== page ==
Communities of practice the ultimate guide for leaders
If you are building a company that has a ‘culture of sharing’ where people regardless of their roles and tenure are willing to help one another; value learning as an inevitable tool to growth and success; and have the attitude of ‘making each other better’; you are undoubtedly building the right culture of your company.
Not only does this culture of knowledge transfer benefits the organization as a whole (as people share their best practices to achieve a common goal), it also benefits every individual in the organization through the continuous inflow of knowledge and ideas. It’s the power of Communities of Practice.
What are Communities of Practice?
In whatever kind of organization – may it be in business, education, or government – in one way or another people come together to collaborate, share ideas and know-how, and solve problems as a group.
It’s an age-old phenomenon. But it was not until in the early 1990s that it was put together in one learning concept that is used in many organizational settings today.
First introduced by Etienne Wenger (educational theorist) and Jean Lave (cognitive anthropologist) in 1991, the communities of practice (CoP) refers to any group “of people who share a common interest” and learn how to “do it better through regular interaction”.
They can be any group of people – a group of engineers learning a new process, a network of medical practitioners exploring the effectiveness of certain drugs, or diplomats learning about how a new form of technology can benefit their nations.
Note, however, that not all communities can be considered communities of practices. There are three important elements that set CoPs apart from the rest:
Shared domain of interest (Domain) – CoPs are not simple ‘networks’ of people sharing one or two commonalities. A community of practice can be created with the goal of gaining knowledge related to a specific field. Domain refers to the group’s identity defined based on the common goals or interests of the people in the group. Members imply a commitment to that domain with a shared competence that distinguishes them from other people.
The community – to achieve their common goals, people in a CoP engages in activities and discussions, sharing their own expertise and learning from others. Imagine a regular meetup of visual effects professionals in a certain location. Each month, they come together for a half-day of forum, inviting senior VFX directors or industry leaders to give a talk on certain topics. Regardless of the organizations, they’re part of, these people do share an identity and common goal, which is, most probably, to expand their skills and knowledge. Over time, through collaboration done over coffee and some pizzas, relationships are built, which in turn enable mutual learning.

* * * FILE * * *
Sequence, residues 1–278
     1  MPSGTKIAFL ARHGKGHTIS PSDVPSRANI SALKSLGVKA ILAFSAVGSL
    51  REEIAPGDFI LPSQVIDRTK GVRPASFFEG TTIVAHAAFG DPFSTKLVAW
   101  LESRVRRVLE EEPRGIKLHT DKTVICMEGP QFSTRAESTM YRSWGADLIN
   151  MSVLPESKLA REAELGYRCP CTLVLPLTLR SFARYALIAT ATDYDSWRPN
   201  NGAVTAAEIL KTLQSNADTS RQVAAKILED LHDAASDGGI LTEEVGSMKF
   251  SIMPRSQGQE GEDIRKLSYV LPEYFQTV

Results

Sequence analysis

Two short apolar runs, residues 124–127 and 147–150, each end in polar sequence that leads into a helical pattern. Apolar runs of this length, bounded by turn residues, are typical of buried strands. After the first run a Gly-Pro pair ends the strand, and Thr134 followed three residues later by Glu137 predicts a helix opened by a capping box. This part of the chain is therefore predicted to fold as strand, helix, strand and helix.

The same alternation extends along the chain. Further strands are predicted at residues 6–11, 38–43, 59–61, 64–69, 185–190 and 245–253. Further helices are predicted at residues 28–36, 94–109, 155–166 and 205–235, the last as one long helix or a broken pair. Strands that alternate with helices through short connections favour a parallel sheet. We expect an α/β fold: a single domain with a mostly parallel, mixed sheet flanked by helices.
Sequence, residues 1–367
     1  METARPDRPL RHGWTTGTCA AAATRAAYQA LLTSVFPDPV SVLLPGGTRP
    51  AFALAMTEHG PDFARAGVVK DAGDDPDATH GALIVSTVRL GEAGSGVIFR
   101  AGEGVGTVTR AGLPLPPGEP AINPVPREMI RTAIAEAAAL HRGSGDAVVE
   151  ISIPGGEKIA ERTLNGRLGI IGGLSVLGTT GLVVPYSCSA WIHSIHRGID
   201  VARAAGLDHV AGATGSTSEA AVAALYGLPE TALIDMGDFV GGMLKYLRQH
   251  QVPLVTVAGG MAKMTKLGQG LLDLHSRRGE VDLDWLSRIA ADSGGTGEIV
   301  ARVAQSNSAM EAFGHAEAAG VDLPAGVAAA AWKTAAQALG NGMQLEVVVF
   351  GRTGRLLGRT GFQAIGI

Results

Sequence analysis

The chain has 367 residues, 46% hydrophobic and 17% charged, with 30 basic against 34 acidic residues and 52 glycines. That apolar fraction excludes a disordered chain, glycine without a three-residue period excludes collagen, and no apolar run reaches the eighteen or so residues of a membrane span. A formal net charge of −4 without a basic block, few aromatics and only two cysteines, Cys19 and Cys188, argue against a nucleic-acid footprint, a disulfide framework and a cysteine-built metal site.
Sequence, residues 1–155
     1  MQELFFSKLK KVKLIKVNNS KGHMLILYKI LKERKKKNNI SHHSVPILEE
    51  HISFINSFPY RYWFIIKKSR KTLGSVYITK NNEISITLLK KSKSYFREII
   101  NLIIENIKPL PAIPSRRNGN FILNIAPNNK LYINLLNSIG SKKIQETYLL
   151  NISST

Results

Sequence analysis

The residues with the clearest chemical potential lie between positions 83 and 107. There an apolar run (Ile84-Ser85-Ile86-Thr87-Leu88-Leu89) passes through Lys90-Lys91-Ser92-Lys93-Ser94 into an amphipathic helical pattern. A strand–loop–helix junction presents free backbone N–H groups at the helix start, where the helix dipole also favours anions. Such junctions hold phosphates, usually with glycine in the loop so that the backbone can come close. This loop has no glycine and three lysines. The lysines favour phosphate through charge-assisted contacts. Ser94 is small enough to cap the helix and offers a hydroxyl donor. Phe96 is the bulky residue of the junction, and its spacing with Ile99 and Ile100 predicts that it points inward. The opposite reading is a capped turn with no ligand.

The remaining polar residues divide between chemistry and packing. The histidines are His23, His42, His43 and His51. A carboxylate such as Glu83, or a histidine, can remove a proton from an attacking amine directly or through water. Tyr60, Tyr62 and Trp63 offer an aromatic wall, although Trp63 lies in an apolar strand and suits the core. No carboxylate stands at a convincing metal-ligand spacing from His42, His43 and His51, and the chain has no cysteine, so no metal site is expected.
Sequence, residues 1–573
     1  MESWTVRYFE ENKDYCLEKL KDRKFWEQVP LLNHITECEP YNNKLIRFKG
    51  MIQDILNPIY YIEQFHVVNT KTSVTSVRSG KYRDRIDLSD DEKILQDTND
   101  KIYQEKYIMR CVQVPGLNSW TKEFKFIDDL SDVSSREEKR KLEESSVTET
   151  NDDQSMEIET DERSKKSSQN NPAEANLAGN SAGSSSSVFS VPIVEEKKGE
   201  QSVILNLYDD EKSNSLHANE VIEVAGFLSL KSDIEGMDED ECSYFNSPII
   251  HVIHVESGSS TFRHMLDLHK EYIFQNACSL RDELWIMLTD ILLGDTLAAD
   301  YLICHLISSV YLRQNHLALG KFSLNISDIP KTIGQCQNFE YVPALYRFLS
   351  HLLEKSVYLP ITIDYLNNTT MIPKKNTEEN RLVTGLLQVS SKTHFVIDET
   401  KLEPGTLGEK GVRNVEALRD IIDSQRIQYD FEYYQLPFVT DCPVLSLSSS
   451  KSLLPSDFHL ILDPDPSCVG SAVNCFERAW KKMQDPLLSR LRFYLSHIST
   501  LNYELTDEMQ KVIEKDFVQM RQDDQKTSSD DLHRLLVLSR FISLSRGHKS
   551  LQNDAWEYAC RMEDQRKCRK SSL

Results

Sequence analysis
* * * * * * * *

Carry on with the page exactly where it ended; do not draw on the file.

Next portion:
The practice – members of CoPs are practitioners who share resources, tools, techniques, and ideas. They develop ways of addressing problems which often lead to innovation. Members apply their newly learned practices to their individual careers. Simply exchanging ideas about a certain topic through some random conversations is not enough. In CoPs, the ‘sharing culture’ is more or less self-conscious.
Communities of practice evolve and cultivate through these essential elements. Without one of these three, a CoP cannot exist.
CoPs in Organizational Settings
Communities of practices can collaborate practically anywhere. They can exist in physical settings, for example, in the lunchroom at work or in a field setting. But members need not meet face-to-face. They can collaborate virtually and share their best practices. Think about webinars and online meetups. Some groups meet on a regular basis, some infrequently.
Some CoPs are highly organized, with codes of conducts, standard roles and responsibilities, strategic plans, even budgets.
What makes CoPs successful over time is their ability to generate enough value, relevance and excitement among members. As people are bound by their desire to learn, grow, and help their colleagues, communities of practices continue to attract and engage members.
Despite the differences in the setup, size, and number, communities of practices always involve learning. Learning is the major reason why people meet together or the unintentional outcome of the members’ regular interaction.
Thinking Together: Learning Within Communities of Practice